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Can communism flourish under human control?

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Can communism flourish under human control? ************************************************************************ In Animal Farm, George Orwell portrays the events of the Russian Revolution as a comical satire. The fable is based on a stereotypical farm set out in the country. However, he uses its characters to symbolize the players of the Russian Revolution. Inside Manor Farm, which symbolizes Russia, the animals plot a revolution to overthrow Farmer Jones, who characterizes Czar Nicholas. Orwell uses his dry sense of humour and irony to cast an entertaining and interesting perspective of the Russian Revolution. The revolution as we know it was achieved in the October Revolution, 1917. The revolt was lead by a man named Vladimir Ilyich Lenin. He led the Bolshevik Party with the influence of a German economist, Karl Marx, who wrote the book, Das Kapital and his communist philosophy. ...read more.


Stalin gained total control in 1928; he lied to the Russian public, set up secret forces and squashed any opposition who dared to raise a voice. He made false promises of freedom and equality while ironically becoming a tyrant himself. The characters that play the Bolsheviks are the pigs in George Orwell's parody of the revolution. Napoleon is described as being corrupt and greedy, just as Joseph Stalin once was. George Orwell believed that the ideas and suggestions of communism were superb and gives the impression of a perfect society; however, he did not have faith in communism successfully working due to the irrepressible desires and greed of human nature. Orwell shows this as he describes Napoleon's character transition throughout the fable. ...read more.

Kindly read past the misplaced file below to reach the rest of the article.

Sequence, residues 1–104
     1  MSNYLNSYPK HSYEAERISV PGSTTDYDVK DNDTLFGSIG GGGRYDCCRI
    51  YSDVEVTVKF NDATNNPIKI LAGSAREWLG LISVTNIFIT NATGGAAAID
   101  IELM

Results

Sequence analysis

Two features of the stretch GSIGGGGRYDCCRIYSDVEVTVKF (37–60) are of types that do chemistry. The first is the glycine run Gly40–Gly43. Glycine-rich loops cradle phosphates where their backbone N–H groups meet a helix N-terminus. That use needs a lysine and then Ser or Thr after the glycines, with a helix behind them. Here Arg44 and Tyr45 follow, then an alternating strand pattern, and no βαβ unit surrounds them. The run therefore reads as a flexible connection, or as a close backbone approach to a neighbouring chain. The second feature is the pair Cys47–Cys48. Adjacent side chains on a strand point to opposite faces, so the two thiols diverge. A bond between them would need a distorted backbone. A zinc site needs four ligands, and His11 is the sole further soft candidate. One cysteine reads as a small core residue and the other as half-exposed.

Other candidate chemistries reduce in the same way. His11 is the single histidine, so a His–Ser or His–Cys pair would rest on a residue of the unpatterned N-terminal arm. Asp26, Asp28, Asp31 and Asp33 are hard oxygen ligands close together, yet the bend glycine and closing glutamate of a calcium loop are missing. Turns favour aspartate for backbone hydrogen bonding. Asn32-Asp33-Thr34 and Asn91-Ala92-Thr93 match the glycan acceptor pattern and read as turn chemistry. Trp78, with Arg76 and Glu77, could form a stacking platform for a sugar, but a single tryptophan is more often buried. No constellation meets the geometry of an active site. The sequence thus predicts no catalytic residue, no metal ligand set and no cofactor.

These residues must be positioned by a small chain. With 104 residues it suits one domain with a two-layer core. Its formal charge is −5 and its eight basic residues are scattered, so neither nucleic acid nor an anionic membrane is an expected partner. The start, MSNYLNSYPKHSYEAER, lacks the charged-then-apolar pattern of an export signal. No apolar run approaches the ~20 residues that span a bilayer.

In the end both Stalin and Napoleon has great potential, but washed it away with the temptation of power. The idea of communism and socialism disappears as Napoleon adapts the commandments to his suiting and institutes his own version of 'The Beasts of England'. Napoleon, Stalin, both become mere dictators, tyrants. Animal Farm is a success at making a parody of the Russian revolution. To the unaware, the novel is your average fable with power-hungry pigs walking on their hind legs and taking over the world. However, to the sharp minded, the depth of the real meaning of this political allegory is exposed. It is to destroy the myth stating that a true and pure society can prosper in the real world. In both cases the industry was strengthened, yet the hard-working innocent were ignored and treated as rogues. Power, greed, corruption and filth decay the once great ideas into scrap. ...read more.

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